Task 9 How to Set Up Batch Processing Options

As described in the preceding tasks, actions allow you to apply multiple commands to one image with a single mouse click. But what do you do if you have a folder of 200 image files that all need the same action? Although you could open each image file and apply the action, it would be much better to process all 200 images with just a single command. This is what the Photoshop Batch command does. The process involves specifying a target folder that contains all the images to be processed and then detailing how and where Photoshop saves the images created by the action.

  1. Open the Actions Palette

    If the Actions palette is not currently displayed on your desktop, choose Window, Actions to display the palette. If necessary, exit Button mode and return the palette to List mode (see Step 2 in Task 7).


  2. Highlight the Action to Be Applied

    In the Actions palette, click the action to be applied. The action is highlighted in the list. Ideally, you'll create the action first (refer to Task 8) and then select that action for the Batch command to use when it processes the files.


  3. Open the Batch Dialog Box

    From the menu bar, choose File, Automate, Batch. The Batch dialog box opens. The action you highlighted in Step 2 appears in the Play section.


  4. Select the Source Folder

    From the Source drop-down list, select the Folder option and then click the Choose button. In the Choose a Batch Folder dialog box that appears, navigate to highlight the folder containing the images you want to process and click the Choose button. Back in the Source section, choose options if you want to process images in subfolders. (In Windows, note that the file-selection dialog box is different than the Mac version shown here; use standard navigation techniques to select a source folder.)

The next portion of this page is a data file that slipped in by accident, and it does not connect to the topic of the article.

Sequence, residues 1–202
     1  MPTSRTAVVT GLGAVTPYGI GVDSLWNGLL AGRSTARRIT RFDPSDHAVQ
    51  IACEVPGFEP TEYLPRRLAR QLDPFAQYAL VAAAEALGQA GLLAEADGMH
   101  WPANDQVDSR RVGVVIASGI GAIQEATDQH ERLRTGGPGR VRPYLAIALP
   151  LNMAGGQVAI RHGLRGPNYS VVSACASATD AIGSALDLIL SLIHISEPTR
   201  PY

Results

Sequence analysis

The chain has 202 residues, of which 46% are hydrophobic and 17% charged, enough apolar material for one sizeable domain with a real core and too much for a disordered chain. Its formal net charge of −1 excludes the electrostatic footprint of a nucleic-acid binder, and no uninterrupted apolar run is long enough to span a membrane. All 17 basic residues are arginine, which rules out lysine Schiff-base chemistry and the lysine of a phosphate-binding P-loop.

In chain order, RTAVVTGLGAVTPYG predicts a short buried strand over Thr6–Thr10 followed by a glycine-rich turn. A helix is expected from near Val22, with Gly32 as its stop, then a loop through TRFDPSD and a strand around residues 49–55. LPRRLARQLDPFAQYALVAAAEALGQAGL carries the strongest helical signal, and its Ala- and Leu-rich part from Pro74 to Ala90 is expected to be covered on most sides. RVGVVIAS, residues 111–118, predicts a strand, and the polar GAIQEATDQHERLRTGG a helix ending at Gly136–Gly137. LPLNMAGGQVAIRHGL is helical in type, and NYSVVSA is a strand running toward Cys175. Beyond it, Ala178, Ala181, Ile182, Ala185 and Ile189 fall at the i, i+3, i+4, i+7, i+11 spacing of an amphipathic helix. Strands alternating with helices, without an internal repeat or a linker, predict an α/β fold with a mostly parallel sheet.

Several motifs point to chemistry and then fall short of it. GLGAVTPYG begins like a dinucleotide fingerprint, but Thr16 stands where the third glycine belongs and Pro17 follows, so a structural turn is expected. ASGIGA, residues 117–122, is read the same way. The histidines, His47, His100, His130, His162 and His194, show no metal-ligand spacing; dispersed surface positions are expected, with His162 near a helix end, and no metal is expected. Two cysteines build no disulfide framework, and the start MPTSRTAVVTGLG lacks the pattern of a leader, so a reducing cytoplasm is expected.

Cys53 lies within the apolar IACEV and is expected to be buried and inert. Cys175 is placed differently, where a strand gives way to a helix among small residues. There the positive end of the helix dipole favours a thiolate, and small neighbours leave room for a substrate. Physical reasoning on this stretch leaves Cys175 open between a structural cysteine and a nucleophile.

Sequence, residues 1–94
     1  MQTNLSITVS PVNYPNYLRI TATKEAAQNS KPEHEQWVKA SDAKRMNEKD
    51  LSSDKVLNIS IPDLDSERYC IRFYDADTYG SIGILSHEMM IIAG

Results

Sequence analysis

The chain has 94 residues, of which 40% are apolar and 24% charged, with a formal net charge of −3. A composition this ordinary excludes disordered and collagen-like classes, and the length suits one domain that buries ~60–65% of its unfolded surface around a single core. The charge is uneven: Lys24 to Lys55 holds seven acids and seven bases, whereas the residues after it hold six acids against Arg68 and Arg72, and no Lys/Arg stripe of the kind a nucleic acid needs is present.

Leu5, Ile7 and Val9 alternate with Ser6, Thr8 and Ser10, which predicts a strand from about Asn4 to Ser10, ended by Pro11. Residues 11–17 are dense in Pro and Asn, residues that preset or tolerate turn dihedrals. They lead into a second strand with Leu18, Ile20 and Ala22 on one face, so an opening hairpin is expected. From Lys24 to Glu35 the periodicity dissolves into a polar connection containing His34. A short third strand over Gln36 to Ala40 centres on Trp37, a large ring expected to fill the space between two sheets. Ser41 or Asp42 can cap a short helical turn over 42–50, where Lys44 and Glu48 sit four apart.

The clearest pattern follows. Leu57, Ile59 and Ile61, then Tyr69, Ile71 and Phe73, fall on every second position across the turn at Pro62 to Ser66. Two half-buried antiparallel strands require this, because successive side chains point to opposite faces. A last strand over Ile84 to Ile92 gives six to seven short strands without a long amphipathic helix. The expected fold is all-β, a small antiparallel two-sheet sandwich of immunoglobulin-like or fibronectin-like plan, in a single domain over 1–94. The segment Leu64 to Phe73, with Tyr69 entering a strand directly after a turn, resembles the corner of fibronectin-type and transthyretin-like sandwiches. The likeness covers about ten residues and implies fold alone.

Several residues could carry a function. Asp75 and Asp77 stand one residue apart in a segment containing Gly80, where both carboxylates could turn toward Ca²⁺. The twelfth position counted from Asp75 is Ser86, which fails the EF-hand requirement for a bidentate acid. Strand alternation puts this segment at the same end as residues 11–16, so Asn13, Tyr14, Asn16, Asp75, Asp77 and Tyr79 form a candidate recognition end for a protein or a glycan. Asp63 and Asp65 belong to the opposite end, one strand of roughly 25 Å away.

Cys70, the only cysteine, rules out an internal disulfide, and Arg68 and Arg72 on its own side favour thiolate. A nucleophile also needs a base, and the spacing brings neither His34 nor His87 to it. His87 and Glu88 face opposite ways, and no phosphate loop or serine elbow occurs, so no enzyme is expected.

5. Select the Destination Folder

    Now specify where you want the changed images to be stored. From the Destination drop-down list, choose None (the changed images remain open onscreen), Save and Close (the changed images are saved and stored in their original location), or Folder (you then click the Choose button and navigate to the folder in which you want copies of the changed images to be stored). You can also specify a desired naming convention, using the pop-up menus in the File Naming section of the Batch dialog box.


  6. Specify Error Handling

    From the Errors drop-down list, select Stop for Errors (the process stops until errors are resolved) or Log Errors to File (the process continues and a list of errors is generated for later review). Click OK to begin running the selected action on the selected folders and subfolders.


How-To Hints

The Open and Save Commands

The Batch dialog box lets you designate special handling for opening and saving files. In many cases, individual actions include an Open command for a specific file, or a Save or Save As command that stores files in a unique place.

Because these specific commands could conflict with processing a whole folder of different images, Photoshop lets you override a specific "Open" command in an action with a generic one that opens each image in the folder, regardless of how it is named. In a similar manner, the override "Save in" command stores each file in the folder specified, rather than in a unique place as specified in the action.